An act of faith: Peaceable Kingdom by Edward Hicks

The 19th-century Quaker artist Edward Hicks painted some of American folk art’s most cherished works. Specialist Sallie Glover explains how, in a series of works featuring animals and children, he reconciled creative impulses with religious beliefs

Towards the end of his life the self-taught artist Edward Hicks described himself as ‘a poor old worthless insignificant painter’. Little did he know that a century and a half later he would become one of the most highly covetable folk artists in America, with his canvases being sold for more than $1 million at auction.

The story of Edward Hicks (1780-1849) is a fascinating one. A coach painter turned Quaker preacher in Bucks County, Pennsylvania, he reconciled his religious beliefs with his artistic ambitions by only painting scenes that reflected his spiritual outlook. As specialist Sallie Glover explains, ‘As a Quaker he valued simplicity. Creativity was often frowned upon.’

To this end he began a series of paintings that came to be known as his Peaceable Kingdoms. The subject matter is taken from Isaiah 11: 6-9, in which animals are described as living in a serene and orderly manner. Glover believes Hicks was drawn to the verse because ‘it highlighted the Quaker beliefs of peace and harmony’.

In total, Hicks made 62 known versions of Peaceable Kingdom, a number of which are now held in museums today, including The Brooklyn Museum, the Philadelphia Museum of Art, and the National Gallery of Art in Washington, D.C.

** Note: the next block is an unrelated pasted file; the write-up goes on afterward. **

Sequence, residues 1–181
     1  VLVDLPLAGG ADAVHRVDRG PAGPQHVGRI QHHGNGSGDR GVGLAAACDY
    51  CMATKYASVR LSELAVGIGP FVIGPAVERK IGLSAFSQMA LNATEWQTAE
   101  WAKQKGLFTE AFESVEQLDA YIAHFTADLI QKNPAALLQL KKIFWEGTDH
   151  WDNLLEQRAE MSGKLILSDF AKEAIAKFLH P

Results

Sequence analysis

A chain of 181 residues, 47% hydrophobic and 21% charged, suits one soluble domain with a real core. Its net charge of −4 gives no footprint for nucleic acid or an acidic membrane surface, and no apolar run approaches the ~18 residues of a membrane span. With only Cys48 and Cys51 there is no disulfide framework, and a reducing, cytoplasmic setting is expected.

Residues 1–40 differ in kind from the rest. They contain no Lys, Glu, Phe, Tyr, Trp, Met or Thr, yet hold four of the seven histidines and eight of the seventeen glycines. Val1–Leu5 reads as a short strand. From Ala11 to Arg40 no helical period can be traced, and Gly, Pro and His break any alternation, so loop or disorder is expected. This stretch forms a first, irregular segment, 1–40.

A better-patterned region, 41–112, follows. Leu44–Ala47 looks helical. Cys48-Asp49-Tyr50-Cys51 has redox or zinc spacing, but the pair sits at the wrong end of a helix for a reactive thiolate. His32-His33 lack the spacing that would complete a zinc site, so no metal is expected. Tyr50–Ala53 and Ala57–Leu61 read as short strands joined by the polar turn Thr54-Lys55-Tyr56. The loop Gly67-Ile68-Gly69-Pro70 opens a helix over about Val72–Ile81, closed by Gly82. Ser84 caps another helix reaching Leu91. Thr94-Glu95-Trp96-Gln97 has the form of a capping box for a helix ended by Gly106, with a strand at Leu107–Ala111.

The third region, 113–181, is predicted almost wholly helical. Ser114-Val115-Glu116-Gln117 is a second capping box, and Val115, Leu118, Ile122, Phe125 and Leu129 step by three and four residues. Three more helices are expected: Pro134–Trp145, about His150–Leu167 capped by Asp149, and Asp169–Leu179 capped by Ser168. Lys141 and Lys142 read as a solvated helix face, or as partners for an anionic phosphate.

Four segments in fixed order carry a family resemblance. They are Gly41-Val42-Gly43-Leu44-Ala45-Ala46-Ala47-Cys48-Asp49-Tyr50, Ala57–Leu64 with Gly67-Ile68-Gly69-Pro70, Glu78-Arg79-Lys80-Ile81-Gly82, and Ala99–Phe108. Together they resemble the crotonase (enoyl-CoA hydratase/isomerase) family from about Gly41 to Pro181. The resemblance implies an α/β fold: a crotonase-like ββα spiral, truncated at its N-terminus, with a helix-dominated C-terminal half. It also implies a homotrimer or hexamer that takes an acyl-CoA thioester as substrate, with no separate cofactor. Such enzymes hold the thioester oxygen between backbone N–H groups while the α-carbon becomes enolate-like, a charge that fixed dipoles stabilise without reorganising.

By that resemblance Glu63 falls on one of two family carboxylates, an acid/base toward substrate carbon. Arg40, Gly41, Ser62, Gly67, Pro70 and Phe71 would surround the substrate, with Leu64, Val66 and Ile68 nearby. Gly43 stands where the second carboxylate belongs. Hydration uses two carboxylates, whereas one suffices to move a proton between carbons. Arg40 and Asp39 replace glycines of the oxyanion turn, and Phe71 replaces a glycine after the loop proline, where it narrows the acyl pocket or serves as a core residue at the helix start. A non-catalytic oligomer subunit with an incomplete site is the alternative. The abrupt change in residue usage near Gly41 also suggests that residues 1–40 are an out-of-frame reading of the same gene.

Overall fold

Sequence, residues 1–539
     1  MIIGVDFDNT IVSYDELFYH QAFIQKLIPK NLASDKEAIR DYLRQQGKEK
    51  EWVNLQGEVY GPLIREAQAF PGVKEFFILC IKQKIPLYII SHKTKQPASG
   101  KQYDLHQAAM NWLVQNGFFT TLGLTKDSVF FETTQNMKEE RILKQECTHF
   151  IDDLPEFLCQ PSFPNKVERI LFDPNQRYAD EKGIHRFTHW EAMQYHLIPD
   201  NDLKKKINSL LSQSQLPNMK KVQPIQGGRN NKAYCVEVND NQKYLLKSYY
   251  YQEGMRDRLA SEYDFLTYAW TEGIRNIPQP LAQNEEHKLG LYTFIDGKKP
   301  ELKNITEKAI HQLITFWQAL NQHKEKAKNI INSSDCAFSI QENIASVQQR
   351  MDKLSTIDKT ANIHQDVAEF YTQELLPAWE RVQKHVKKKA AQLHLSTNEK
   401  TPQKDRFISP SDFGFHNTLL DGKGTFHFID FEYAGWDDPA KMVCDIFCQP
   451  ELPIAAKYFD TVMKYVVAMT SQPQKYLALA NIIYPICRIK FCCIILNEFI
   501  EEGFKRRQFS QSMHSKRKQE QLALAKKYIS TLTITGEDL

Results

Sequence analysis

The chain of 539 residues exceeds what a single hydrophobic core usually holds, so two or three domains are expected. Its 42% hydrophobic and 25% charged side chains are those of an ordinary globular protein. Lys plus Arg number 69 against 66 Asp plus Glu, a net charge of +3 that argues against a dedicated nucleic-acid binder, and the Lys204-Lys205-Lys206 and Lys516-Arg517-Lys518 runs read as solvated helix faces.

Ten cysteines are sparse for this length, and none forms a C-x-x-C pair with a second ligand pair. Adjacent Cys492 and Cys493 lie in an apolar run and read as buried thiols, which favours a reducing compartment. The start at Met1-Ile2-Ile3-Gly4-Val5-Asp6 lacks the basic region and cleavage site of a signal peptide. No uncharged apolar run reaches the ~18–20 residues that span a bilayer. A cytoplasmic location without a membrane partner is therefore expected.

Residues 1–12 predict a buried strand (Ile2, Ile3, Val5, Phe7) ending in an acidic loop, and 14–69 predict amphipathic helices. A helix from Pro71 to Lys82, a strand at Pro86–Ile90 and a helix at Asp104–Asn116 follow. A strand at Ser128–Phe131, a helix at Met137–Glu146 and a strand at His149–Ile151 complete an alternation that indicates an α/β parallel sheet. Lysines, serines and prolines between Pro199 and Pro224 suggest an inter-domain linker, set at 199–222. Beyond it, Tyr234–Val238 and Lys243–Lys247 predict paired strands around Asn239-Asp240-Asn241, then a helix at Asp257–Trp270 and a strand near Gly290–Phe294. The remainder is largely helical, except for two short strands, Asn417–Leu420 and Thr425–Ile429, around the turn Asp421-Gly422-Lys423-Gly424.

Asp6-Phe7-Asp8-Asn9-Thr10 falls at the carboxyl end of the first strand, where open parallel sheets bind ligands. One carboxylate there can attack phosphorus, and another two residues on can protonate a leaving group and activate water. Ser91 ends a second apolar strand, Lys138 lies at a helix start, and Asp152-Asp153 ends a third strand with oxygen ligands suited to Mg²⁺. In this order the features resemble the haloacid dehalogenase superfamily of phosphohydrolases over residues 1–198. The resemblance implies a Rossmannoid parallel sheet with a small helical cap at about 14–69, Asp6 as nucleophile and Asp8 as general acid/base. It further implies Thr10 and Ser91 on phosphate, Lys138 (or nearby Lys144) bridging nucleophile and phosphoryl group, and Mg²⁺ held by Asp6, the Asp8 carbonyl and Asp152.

On 24 January, a painting from the series will be offered at Christie’s in New York in the Important American Furniture, Folk Art and Silver sale. The work, says Glover, is from the late period of his career, between 1844 and 1846, and is one of his most fully developed kingdoms: ‘You really see the series change throughout his life. They start quite simply with children and animals, but get more sophisticated over time.’

Variously described as ‘risen’ or ‘arching’, the distinctive pose of the primary leopard adds a sense of drama not seen in the middle-period Kingdoms. Only four other examples have this arching leopard, and this is the only one in private hands.

In the background, we see William Penn (1644-1718) signing a peace treaty with the Lenape peoples. According to tradition, soon after Penn arrived in Pennsylvania in October 1682 he met with the Native Americans — know to European settlers as the Delaware Indians — in the riverside town of Shackamaxon where, in the shadow of an elm tree, they exchanged promises of lasting friendship.

‘It really affected Hicks,’ says Glover. 'He believed that peace could be attained.’

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